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Hundreds of 2020 election voter registration forms from Michigan appear fraudulent

In a file of 18 voter registration forms, none of them listed Michigan-issued driver’s licenses. It remains to be seen how deep the fraudulent voter issue goes, and whether it would have changed any election outcome. The state's Attorney General says it didn't.

Published: October 15, 2023 11:18pm

More than 200 voter registration forms that the Muskegon Police Department in Michigan received from the city clerk during the 2020 presidential election were suspected to be fraudulent, with incorrect or phony addresses and some names signed in reverse order.

A total of 254 voter registration forms for the 2020 general election that Just the News has received appear to be fraudulent. These forms were part of an investigation that the FBI took over, but what happened since remains mostly a mystery.

In August, the Attorney General for the State of Michigan's office confirmed that there was a state investigation into thousands of suspected fraudulent voter registrations during the 2020 election. That investigation was referred to the FBI, the Bridge Michigan reported.

Danny Wimmer, press secretary for the State Attorney General, told Just the News that among 8,000 to 10,000 voter registration forms that were submitted to the Muskegon clerk before the 2020 general election, some were, after review, suspected to be fraudulent. 

"An organization turned in some thousands of voter registrations throughout the fall of 2020, estimated on the high end to be cumulatively 8-10,000, and some within those batches were found to be suspicious or fraudulent," Wimmer said. "There were legitimate registrations within the batches. The city clerk receiving the batches alerted authorities when she began noticing irregularities. 

"None of the fraudulent material was incorporated into the state’s qualified voter file, and this had no effect on any ballot requests or associated processes. This attempted fraud was detected because the system worked," Wimmer added. 

According to the dozens of pages of police reports from the Muskegon Police Department and Michigan State Police, a firm called GBI Strategies was under scrutiny as an organization central to alleged voter registration fraud in the 2020 presidential election. The matter was initially investigated by city and state authorities before the FBI took over in 2021.

A total of 37 voter registration applications were examined in detail by the Muskegon police, according to information in the latter half of the report. Of those, 26 had false names and/or fake addresses, three had incorrect information written by the people who registered, two had correct information but were not filled out by the people whose information was on the forms, and two forms had addresses that were no longer the voters' residence. 

Ten of those applications with false names and/or addresses were part of a batch of 18 that “appeared to be completed, and signed by the same person,” according to the report, but the police only investigated the 10 that were in the City of Muskegon.

Just the News received 254 forms from an unnamed source close to the matter. Another unnamed source with direct knowledge verified the authenticity of the forms Just The News reviewed.

The Muskegon City Clerk didn’t respond to a request for comment regarding the forms.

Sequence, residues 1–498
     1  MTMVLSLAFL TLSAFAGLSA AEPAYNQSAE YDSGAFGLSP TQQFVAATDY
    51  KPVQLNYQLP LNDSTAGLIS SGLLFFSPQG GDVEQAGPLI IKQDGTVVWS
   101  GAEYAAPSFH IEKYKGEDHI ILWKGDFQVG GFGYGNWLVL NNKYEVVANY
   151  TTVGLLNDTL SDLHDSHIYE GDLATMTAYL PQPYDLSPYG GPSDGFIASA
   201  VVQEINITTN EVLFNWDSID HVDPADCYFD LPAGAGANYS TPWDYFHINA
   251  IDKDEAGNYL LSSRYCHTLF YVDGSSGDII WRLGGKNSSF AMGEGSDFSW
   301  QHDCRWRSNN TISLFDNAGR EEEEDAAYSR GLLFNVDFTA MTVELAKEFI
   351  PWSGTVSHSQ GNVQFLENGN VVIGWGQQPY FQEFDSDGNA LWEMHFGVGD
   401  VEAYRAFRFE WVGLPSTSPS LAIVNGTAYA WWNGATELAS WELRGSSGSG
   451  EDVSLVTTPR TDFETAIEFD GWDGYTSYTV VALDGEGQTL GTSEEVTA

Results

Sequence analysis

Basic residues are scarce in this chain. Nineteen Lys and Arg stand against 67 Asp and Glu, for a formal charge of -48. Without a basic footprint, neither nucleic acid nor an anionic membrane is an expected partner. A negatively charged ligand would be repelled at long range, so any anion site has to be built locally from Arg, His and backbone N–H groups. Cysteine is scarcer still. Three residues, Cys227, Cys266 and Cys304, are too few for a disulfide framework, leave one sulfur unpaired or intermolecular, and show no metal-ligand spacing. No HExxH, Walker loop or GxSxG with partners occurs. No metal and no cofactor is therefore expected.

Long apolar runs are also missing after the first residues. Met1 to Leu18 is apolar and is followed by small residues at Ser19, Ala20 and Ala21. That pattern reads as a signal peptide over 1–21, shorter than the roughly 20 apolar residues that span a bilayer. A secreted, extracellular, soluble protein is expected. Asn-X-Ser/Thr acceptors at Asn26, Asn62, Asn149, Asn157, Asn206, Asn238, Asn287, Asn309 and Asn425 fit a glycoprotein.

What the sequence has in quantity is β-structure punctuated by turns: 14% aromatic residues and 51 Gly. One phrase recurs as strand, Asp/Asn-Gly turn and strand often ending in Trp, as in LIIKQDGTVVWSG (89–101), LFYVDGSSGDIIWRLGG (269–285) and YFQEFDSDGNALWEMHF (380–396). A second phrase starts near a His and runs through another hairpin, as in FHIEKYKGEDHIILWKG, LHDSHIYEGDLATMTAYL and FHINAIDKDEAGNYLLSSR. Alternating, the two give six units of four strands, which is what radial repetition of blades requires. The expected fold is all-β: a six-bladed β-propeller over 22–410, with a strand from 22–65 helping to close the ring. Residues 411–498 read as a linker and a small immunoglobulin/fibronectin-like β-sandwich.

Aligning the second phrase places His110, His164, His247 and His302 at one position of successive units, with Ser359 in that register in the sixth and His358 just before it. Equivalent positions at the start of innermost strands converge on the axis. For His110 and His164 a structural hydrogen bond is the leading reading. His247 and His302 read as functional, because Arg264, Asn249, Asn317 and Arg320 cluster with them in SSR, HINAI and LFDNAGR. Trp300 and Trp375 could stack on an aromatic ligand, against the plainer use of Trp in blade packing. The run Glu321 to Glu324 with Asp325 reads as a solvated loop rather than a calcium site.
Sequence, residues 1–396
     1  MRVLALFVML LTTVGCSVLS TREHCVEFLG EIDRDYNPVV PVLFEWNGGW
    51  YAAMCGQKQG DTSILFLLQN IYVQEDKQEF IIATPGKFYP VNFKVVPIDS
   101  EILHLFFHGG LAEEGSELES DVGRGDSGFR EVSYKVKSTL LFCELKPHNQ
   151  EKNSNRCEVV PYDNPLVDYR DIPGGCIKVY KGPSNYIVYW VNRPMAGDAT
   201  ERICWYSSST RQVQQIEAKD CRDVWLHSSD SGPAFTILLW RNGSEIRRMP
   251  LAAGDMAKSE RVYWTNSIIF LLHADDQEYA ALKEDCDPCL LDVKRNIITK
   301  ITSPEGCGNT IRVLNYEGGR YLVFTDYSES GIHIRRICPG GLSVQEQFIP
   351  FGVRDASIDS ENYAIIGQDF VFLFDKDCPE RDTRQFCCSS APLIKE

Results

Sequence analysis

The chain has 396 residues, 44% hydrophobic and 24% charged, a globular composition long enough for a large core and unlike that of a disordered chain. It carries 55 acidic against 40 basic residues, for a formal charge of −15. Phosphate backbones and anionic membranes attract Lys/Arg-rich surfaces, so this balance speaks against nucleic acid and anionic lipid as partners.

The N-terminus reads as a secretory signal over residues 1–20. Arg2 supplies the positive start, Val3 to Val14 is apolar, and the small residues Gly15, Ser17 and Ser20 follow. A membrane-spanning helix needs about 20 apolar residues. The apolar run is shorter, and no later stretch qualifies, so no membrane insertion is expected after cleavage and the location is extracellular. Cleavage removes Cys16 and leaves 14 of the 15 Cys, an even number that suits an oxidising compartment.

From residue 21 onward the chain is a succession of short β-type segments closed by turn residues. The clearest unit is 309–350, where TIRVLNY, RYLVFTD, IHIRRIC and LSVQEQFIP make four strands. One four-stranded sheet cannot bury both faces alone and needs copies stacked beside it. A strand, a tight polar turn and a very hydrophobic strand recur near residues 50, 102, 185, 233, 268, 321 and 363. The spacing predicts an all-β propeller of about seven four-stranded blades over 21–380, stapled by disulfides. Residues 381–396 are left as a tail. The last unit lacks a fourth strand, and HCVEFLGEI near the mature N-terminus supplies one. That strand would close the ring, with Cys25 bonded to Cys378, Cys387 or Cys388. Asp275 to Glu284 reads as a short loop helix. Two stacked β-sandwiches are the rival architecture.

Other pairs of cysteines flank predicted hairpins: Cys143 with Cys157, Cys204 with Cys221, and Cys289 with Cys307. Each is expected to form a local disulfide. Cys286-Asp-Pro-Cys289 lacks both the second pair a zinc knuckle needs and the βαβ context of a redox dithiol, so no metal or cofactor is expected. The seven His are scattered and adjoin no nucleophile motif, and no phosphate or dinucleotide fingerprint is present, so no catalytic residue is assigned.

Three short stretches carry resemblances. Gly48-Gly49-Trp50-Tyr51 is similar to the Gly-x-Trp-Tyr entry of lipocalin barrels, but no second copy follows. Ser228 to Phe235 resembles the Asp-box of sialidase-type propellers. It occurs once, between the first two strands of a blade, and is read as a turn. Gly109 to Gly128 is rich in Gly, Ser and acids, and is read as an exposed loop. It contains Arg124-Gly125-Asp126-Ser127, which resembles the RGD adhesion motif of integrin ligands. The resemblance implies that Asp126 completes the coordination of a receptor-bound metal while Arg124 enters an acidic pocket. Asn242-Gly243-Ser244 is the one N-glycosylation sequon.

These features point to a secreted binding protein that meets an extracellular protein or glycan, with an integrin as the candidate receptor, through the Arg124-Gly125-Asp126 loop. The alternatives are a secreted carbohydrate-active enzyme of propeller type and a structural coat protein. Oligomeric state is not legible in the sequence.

A review of the forms shows serious discrepancies in the details. One group of 18 forms contains three forms that all have the address of 2312 Reynolds, Muskegon, MI, and appear to be written by the same hand.

Two more forms from that file have the addresses of 246 Southern and 829 Southern, Muskegon, MI. However, the only streets named “Southern” in Muskegon are West Southern Avenue and East Southern Avenue.

In the same file of 18 forms, none of them listed Michigan-issued driver’s licenses.

Several forms were missing the specific road the person lived on, only listing the house number and/or name of a road, but no “Road,” “Street,” “Lane,” etc.

Some of those forms listed Social Security numbers but at the same time, checked off a box that reads, “I don’t have a valid Michigan-issued driver’s license, a Michigan-issued state ID card, or a Social Security number.”

The forms provide spaces for registrants to fill out their last name first and then their first name. Then, at the bottom of the form, registrants are to sign their name.

However, a few forms were signed with the last name first and then the first name. For example, one form for Rodney Sanders was signed “Sanders Rodney.” Another form was signed “Day Charles” for a Charles Day. The form for Day also had an address that doesn’t appear to exist: 1149 Dyson, Muskegon, MI 49444.

After the FBI took over the case from the Muskegon and Michigan police, contacts between local law enforcement and the FBI continued into 2022, but there is no evidence of what happened after that in the memos obtained by Just the News through requests made under Michigan's Freedom of Information Act.

Last month, the FBI denied a Freedom of Information request from Just the News regarding records from the investigation into GBI Strategies. The FBI’s response partially reads: “The material you requested is located in an investigative file which is exempt from disclosure.”

When Just the News first asked about the investigation on Aug. 9, the FBI National Press Office said the following day that their “standard practice [is] to neither confirm nor deny the existence of an investigation.” The Muskegon Police Department also declined to comment on the investigation “because this matter is possibly an active investigation by our law enforcement partners.” 

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